The Advent Of The Laodicean Church.

One thing that the so-called emerging church fails to understand is that when the Lord evaluates our relationship, He’s most interested in our attitude toward Him, not the results of our efforts on His behalf.

Commentary by Jack Kelley

The churches of Revelation 2 and 3 have often been described as a chronology of the Church age. The final one is the Church at Laodicea. Its emergence is another sign that the end is near. Let’s read about it.

I know your deeds, that you are neither cold nor hot. I wish you were either one or the other! So, because you are lukewarm—neither hot nor cold—I am about to spit you out of my mouth. You say, ‘I am rich; I have acquired wealth and do not need a thing.’ But you do not realize that you are wretched, pitiful, poor, blind and naked. (Rev. 3:15-17)

One thing the emerging (not emergent, that’s the name of one such organization) church with its social gospel fails to understand is that when the Lord evaluates our relationship, He’s most interested in our attitude toward Him, not our efforts on His behalf. He made that clear in his criticism of the Church in Ephesus way back at the beginning.

I know your deeds, your hard work and your perseverance. I know that you cannot tolerate wicked men, that you have tested those who claim to be apostles but are not, and have found them false. You have persevered and have endured hardships for my name, and have not grown weary. Yet I hold this against you: You have forsaken your first love. (Rev. 2:2-4)

While some claim it’s to produce followers of Christ, not just believers in Him, the driving force behind the emerging church is really growth and prosperity. That’s why it’s so popular. So-called seekers don’t come through the doors of the church looking to become followers of Christ. They come to belong to something bigger than themselves, where they can be entertained and feel better about themselves by doing some good works without being made to feel guilty or having to commit to anything. If they wanted to be more like Jesus they’d have come to a place where they could focus on the Bible, and experience some intimate worship, the kind that makes the heart break, the tears flow, and the knee bend.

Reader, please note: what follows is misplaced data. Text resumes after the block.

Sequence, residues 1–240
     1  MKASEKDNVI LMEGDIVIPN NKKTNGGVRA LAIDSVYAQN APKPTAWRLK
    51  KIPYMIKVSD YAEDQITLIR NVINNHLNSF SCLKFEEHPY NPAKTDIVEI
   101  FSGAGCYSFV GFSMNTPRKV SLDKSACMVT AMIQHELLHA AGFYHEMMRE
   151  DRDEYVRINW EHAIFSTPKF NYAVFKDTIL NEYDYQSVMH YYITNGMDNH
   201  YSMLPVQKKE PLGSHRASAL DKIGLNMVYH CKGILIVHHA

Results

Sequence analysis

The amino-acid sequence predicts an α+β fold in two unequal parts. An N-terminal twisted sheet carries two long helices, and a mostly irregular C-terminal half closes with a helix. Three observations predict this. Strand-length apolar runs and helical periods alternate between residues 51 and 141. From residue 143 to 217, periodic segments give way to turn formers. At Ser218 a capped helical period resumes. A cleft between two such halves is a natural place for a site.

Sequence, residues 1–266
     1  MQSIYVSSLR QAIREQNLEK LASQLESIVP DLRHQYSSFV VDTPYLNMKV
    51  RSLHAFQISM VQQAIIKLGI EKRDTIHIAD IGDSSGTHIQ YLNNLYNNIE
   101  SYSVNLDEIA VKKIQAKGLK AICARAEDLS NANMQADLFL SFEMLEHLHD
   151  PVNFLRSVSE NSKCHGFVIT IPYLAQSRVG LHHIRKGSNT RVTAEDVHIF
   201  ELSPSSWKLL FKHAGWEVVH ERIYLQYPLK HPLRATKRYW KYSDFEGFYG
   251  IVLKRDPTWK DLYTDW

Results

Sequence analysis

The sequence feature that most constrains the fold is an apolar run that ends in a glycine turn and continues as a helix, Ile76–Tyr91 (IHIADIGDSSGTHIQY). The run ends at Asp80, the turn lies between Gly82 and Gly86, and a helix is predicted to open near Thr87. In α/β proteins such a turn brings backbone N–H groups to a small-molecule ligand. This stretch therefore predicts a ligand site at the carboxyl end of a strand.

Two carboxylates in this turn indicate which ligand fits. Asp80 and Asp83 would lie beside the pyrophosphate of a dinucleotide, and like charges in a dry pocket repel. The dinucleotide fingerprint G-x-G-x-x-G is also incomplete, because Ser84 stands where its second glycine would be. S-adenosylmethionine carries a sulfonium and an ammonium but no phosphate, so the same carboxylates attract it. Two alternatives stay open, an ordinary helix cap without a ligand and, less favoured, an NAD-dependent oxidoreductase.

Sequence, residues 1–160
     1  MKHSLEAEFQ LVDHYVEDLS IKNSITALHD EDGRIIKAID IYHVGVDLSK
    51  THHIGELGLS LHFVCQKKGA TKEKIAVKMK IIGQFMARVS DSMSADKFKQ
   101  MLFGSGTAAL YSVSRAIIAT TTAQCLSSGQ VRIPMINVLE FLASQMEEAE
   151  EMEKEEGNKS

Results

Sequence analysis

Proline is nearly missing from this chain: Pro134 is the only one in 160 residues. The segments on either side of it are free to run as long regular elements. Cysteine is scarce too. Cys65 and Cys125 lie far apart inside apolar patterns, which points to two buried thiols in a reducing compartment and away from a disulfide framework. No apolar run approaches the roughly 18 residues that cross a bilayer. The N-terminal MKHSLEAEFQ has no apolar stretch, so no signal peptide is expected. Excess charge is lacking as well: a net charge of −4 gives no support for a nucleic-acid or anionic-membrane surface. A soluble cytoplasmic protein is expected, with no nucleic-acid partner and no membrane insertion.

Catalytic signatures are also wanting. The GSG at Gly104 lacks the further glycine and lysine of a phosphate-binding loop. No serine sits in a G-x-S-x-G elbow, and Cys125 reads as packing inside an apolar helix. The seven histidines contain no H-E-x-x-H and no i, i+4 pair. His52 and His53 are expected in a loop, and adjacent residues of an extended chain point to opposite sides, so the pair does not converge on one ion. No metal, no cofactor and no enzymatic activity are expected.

When you ask its leaders how the movement is working they’ll quote statistics like “participation on an average weekend” as if the more people they bring through the doors, the more pleasing to God they must be. Then they’ll tell you how many ministries they’ve got going. Some even print current revenues in their bulletins, I guess to show how good sales are, like a business would. There is little or no discussion of baptisms or new believers, because that’s not the point. Preaching a gospel message with an altar call would actually be counter-productive to their strategy. More money in the offering requires more people in the pews. And that requires less gospel in the message.

The fact that all this money is mostly put to good use is laudable, but the Lord judges us by the motives of our hearts, not the works of our hands. He actually condemned the Church at Ephesus even though they were hard working, faithful, and true. He condemned them because in their efforts to serve the King they left no time to work on their relationship with the King.

A comparison of the message to the Laodicean Church with the other end times Church, the one at Philadelphia, also speaks volumes.

To Laodicea, He said, “I know your deeds, that you are neither cold nor hot. I wish you were either one or the other! So, because you are lukewarm—neither hot nor cold—I am about to spit you out of my mouth. You say, ‘I am rich; I have acquired wealth and do not need a thing.’ But you do not realize that you are wretched, pitiful, poor, blind and naked.”

To Philadelphia, it was, “I know that you have little strength, yet you have kept my word and have not denied my name. Since you have kept my command to endure patiently, I will also keep you from the hour of trial that is going to come upon the whole world to test those who live on the earth.”

Don’t kid yourself into thinking that the Lord needs us to help build His Kingdom. That would be like me saying I need my 3 year old to help fix the leaking faucet. When they asked what work God required of them Jesus didn’t say “Do for the One He has sent,” He said “Believe in the One He has sent.” (John 6:28-29) What you do after that is between you and the Lord, but unless you get first things first, nothing else matters. You’ll be lukewarm at best.

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